NOTE: This interview with Jeremy Roenick was originally published in the October 2013 issue of Beckett Hockey Magazine. Because very few of you probably saw it, and it was five years ago, I am reprinting it here, just in time for the 25th Anniversary of NHL ’94.
Jeremy Roenick electrified crowds during his 20 seasons in the NHL with his hard-nosed, high-scoring style of play. He reached the 50-goal plateau three times and was the third American-born player to score over 500 career goals. When he retired in 2009, Roenick scored 513 goals and 703 assists in 1363 games. A year later, he was inducted into the U.S. Hockey Hall of Fame, and is currently a studio analyst for NHL games broadcast on NBC.
Yet, to a generation of hockey fans, Roenick is perhaps better known as being one of the best-ever video game characters to grace a TV screen. NHL ’94, released in fall of 1993 and currently celebrating its 20th anniversary, is considered the best video game from the classic gaming era. In the game, which used the names and attributes of real NHL players, Roenick was nearly unstoppable. His great speed and agility, along with one of the hardest and most accurate shots, make J.R. the biggest offensive threat in NHL ’94.
In the Genesis version of the game, a programming mistake — known as the “weight bug” — made lightweight players actually more difficult to knock down while also making them hit harder. This resulted in Roenick being a total wrecking ball in NHL ’94, with a better mix of offensive skills than Mario Lemieux or Wayne Gretzky.
Movie-goers would also learn about Roenick in the 1996 film Swingers, starring Vince Vaughn and Jon Favreau. In a memorable scene, the characters are playing NHL ’94 (although the cutaway shots of the game are actually from Electronic Arts’ previous hockey game, NHLPA Hockey ’93). When accused of playing unfairly, Vaughn’s character Trent replies “Y’know, it’s not so much me as Roenick; he’s good.” This cemented Roenick’s status as a pop culture icon and a video game legend.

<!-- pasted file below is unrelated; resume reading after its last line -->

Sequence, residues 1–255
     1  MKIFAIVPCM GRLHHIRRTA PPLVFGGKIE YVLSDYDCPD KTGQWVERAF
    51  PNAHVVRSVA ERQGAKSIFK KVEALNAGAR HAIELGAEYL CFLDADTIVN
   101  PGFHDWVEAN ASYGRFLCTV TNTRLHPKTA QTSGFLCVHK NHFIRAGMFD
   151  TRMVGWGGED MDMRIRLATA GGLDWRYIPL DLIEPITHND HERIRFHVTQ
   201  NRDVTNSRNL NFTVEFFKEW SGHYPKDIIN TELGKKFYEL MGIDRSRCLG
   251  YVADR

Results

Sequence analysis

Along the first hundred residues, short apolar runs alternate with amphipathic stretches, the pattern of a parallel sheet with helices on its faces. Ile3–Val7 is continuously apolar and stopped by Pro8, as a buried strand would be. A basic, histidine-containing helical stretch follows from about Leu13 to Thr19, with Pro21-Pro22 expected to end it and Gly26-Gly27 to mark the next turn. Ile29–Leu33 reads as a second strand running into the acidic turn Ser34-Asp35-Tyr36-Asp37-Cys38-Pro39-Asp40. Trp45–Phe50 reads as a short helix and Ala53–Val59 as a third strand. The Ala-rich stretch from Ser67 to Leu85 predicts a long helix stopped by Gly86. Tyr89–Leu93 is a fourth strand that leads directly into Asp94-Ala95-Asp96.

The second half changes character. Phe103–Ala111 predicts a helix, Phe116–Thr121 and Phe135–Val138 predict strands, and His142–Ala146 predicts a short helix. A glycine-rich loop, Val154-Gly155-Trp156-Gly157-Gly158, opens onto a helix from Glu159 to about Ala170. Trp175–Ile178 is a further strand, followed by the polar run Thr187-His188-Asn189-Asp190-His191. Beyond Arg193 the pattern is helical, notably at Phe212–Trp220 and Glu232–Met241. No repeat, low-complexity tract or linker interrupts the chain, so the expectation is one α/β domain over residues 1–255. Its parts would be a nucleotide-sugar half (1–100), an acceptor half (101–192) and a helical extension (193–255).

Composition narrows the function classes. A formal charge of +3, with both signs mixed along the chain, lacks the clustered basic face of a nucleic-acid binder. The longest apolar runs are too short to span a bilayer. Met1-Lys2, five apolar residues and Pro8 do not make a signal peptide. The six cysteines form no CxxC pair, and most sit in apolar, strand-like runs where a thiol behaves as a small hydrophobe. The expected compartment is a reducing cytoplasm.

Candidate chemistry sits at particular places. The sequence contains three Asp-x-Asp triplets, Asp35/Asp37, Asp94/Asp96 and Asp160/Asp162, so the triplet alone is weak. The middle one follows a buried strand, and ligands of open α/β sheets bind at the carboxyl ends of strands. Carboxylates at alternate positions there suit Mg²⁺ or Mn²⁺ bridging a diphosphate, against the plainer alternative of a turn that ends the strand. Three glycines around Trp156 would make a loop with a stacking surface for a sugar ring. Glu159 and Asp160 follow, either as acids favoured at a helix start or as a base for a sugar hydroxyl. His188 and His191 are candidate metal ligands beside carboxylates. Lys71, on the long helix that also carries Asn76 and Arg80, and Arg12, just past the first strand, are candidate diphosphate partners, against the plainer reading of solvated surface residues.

Recently, Roenick talked with Beckett Hockey about his video game notoriety, games he played growing up, and what it’s like to be a cover athlete.
Sal Barry: The video game NHL ’94 celebrates its 20th anniversary this year. I’m sure you remember that game.
Jeremy Roenick: I do. Very, very well. The NHL ’94 game is the one topic that is mentioned to me most often to me in my lifetime. I have more people who come up to me — that know me — because of NHL ’94. People that got through college playing as the Chicago Blackhawks and Jeremy Roenick. Some had rules that you couldn’t be Roenick in the game because how good he was. I wish I was as good in real life as I was in that video game. But that’s my claim to fame — being the best video game hockey guy in video game history.
SB: Did you play video games when you were growing up?
JR: Yeah, I had the Atari game system. I played a lot of video games. I spent a lot of time in hockey rinks as a kid. You find things to do. It was the start of the video game age, with Star Wars, Pac-Man, Space Invaders, all that stuff. I was more of a [coin-operated game] player, but then I played Atari.
SB: What were your favorite video games when you were a kid?
JR: I was a Donkey Kong, Ms. Pac-Man and Asteroids kind of guy. Those games, and Frogger and Centipede. Those were the games I was brought up on, the classics. In my house now, I have a Ms. Pac-Man/Galaga [coin-operated] video game machine.
SB: What were your thoughts back in the early 1990s when game companies started using real NHL players in their hockey video games?
JR: I thought it was really cool. thought it was the right idea. It was a great idea. It helped us athletes. It helped our visibility and to become more recognizable.
SB: Did you ever play as yourself in any of the games you’ve been in?
JR: I have. My son Brett plays them a lot more than I do, though. So he’s played as me a lot more than I have. I’ve played the games, but I’m not really good at them. But it’s really cool to see how the games started and how they progressed over the years to where they are now. Amazing what technology has been able to achieve.
SB: Do you play any of the newer games against your son?
JR: Absolutely. Especially the one that came out a couple of years ago (NHL ’12), with the “Be A Legend” game after I retired. EA (Electronic Arts) put legends in the game to play against current NHL guys, so I made sure I played that one because when you are deemed a legend in one of those games, that’s pretty cool!